US Pharmacopeia, Rockville, Md., said almost one in five of the 235,159 medication-error reports it received from hospitals and health systems in 2003 involved automated dispensing devices or computerized entry by a laboratory technician, physician or other caregiver. Some 1.3% of errors involving automated dispensing devices resulted in patients being harmed, compared with 1.5% for all errors reported. Just 0.7% of errors involving computerized entry were harmful, and the frequency of harmful errors fell to 0.1% when entry systems were used specifically by the prescribers, said Diane Cousins, vice president of US Pharmacopeia's Center for the Advancement of Patient Safety.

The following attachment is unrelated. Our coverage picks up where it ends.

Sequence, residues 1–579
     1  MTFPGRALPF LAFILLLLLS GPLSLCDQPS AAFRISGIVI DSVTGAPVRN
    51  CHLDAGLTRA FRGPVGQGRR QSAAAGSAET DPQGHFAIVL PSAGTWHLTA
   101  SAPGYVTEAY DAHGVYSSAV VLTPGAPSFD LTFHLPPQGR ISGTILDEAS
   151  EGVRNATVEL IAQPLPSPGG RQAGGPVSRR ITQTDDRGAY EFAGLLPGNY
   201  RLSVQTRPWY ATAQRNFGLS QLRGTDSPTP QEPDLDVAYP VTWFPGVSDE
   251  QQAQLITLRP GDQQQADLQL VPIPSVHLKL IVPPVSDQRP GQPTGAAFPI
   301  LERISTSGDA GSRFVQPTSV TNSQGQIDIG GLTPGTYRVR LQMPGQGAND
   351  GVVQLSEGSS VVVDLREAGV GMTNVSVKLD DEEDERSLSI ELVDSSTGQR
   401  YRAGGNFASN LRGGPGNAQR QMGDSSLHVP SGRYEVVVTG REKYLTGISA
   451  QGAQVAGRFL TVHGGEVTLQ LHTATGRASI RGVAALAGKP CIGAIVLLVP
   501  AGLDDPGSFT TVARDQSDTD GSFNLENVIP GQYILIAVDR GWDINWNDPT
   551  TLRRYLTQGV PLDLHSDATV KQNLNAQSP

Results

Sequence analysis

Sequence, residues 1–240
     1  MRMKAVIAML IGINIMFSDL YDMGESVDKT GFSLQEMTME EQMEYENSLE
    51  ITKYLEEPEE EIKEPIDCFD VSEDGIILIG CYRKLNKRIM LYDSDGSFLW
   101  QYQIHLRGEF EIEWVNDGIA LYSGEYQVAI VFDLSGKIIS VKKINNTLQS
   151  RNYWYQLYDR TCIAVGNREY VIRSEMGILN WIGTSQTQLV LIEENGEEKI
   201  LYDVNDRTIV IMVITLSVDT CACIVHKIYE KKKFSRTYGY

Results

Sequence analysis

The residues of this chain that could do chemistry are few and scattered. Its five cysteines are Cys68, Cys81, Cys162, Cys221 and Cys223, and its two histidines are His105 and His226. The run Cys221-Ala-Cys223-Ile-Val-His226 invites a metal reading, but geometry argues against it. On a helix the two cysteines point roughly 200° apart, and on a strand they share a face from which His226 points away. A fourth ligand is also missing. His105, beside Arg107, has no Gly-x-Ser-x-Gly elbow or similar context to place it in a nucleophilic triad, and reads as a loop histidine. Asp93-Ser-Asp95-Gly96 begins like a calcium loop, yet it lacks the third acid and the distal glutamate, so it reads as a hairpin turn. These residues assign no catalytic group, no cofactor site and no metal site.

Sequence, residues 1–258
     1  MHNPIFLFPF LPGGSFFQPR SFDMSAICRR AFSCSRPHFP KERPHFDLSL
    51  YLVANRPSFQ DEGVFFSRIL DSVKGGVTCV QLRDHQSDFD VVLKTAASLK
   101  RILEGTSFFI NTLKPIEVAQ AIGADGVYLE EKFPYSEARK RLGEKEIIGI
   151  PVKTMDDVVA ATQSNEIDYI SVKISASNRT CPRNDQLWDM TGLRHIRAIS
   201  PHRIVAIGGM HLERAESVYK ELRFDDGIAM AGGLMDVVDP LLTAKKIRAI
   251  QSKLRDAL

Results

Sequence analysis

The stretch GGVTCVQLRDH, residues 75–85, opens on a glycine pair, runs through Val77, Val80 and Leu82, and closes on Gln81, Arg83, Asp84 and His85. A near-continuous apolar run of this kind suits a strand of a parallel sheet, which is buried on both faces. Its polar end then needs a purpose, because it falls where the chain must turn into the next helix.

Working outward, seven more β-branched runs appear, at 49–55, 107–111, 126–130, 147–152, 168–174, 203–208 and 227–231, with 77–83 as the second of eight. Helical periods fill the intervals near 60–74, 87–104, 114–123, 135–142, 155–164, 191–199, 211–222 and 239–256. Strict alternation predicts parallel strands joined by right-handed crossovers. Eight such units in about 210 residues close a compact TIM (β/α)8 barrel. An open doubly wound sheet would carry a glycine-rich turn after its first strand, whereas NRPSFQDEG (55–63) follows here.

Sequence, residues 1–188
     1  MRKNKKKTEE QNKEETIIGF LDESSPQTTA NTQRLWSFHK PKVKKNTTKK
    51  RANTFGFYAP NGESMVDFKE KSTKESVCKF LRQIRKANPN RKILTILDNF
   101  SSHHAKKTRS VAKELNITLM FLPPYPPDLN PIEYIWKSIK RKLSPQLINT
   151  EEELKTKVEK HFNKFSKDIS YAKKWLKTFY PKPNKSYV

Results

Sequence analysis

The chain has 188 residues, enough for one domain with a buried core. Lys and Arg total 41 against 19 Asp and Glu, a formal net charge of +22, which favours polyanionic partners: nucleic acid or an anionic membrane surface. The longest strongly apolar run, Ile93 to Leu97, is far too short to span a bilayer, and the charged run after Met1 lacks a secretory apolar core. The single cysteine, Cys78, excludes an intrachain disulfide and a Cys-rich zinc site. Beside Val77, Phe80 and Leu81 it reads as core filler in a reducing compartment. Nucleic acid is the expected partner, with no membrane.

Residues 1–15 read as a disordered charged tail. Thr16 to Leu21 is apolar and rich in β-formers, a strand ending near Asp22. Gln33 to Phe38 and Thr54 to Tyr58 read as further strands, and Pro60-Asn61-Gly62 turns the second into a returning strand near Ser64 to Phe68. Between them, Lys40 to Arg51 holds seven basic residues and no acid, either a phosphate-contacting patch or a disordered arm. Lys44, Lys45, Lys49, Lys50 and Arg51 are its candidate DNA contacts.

The independent drug-standards agency said errors linked to computerized entry occurred most often when the order was transcribed or documented and when it was dispensed. In about 57% of cases, the person entering the order was distracted. At facilities using computerized order entry specifically by prescribers, the incidence of errors due to wrong dose or wrong form was slightly higher than average compared with facilities not using order entry by prescribers, the agency said. The total number of errors per 100,000 doses dispensed was about the same. -- by Joseph Conn